2013-12 Ian Bathurst Eagle Project

posted Dec 8, 2013, 6:58 AM by Amanda Seigler   [ updated Mar 23, 2014, 12:27 PM ]

Delray high schooler adds bike racks to local parks

Ian Bathurst installs new bike racks for Eagle Scout project           

By Marisa Gottesman, Sun Sentinel
5:44 p.m. EST, December 5, 2013
For many teenagers, turning 18 means buying a lotto ticket or placing a bet on a straight flush, but for Ian Bathurst it was about installing bike racks.
As the Atlantic High senior counted down the last days of childhood, the pressure to get the installations done was on.
The Eagle Scout was on deadline to finish the job, his Eagle Project, by the time he blew out his birthday candles on Tuesday
He did. Bathurst officially crossed over to adulthood, ending his Boy Scout days and leaving his legacy to Troop 356 in the form of six new bike racks located in a few Delray Beach parks.
"The Eagle Project is not necessarily about a day of hard work," he said. "It's about having an impact and showing leadership skills."
To do that, he met with city officials and shared his plans for adding the racks, which the city donated.
The idea for his project spun from his love of biking and the city's need for the racks.

"Anything with two wheels, and I am into it," he said.
That includes mountain biking, road biking and dirt biking. He even works at Richwagen's Bike & Sport, a local bike shop.
And it was his boss, Albert Richwagen, who helped the project come to life, when he invited Bathurst to Delray's Vision 2020 workshop.
Bathurst was the only teen to attend the March meeting, which outlined where people want to see Delray in 2020.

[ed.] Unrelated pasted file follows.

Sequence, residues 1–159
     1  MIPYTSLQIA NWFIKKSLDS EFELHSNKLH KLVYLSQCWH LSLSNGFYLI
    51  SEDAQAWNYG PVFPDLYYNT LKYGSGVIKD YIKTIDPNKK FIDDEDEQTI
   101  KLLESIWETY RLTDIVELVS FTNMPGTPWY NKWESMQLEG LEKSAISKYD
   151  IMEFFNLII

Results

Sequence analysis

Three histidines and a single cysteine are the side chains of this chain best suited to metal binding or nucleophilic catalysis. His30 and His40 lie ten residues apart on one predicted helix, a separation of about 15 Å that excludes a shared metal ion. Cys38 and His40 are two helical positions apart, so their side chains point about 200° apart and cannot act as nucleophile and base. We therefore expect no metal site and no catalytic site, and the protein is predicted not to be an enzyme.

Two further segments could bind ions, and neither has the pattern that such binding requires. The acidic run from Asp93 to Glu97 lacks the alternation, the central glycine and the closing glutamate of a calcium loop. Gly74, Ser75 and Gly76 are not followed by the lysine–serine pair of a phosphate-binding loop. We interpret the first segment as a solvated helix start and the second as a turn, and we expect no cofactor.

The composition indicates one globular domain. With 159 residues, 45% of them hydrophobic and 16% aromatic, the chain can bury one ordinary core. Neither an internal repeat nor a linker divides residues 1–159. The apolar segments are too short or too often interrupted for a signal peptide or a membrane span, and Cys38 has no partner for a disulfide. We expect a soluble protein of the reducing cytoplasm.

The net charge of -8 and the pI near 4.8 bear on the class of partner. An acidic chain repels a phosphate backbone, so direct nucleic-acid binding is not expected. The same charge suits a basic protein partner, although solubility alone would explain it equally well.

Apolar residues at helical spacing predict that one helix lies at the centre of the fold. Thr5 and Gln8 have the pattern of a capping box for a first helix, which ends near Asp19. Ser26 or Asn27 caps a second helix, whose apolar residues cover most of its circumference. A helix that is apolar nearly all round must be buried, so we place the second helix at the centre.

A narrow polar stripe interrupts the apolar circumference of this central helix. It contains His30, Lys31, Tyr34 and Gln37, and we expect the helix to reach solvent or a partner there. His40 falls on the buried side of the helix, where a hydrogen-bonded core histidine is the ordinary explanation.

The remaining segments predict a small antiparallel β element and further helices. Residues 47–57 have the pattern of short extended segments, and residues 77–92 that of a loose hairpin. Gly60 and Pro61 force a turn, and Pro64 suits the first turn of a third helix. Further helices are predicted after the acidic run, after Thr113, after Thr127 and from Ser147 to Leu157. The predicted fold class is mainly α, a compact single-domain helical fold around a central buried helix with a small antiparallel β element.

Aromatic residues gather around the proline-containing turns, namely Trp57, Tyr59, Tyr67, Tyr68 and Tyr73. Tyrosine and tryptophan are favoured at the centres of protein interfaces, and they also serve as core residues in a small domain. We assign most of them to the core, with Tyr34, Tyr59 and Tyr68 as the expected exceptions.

Sitting between Mayor Cary Glickstein and the interim Parks and Recreation Director Tim Simmons, Bathurst listened to residents express frustration at the city's lack of racks.
So, he got to work, coordinating a project that people would not only remember, but use.
"A lot of people's projects don't have a widespread effect," he said. "You can fix up a church and the people from the church love it, but no one else really knows about it."
And it's not that he wants credit or to boast about making his mark.
"There's no plaque saying I did it," he said. "I didn't do it for me or for my project. I did it for the community."
And bikers can't wait to reap the benefits of having a safe place to stow their favorite form of transportation.
"Unless you're going to ride down the block and go directly home, you're going to stop and have to store your bike securely," said Patrick Halliday, president of the
Delray Beach Bike Club, who helped with the installations.
He said finding the proper place to do that can be challenging.
"Just on Atlantic Avenue I see bikes chained to parking signs, stop signs, meters, trees," Halliday said. "The racks will help immensely.

"For more information about the project visit, http://www.bikewalkdelraybeach.com | mgottesman@tribune.com, 561-243-6544 or Twitter @marisag_ss | Copyright © 2013, South Florida Sun-Sentinel

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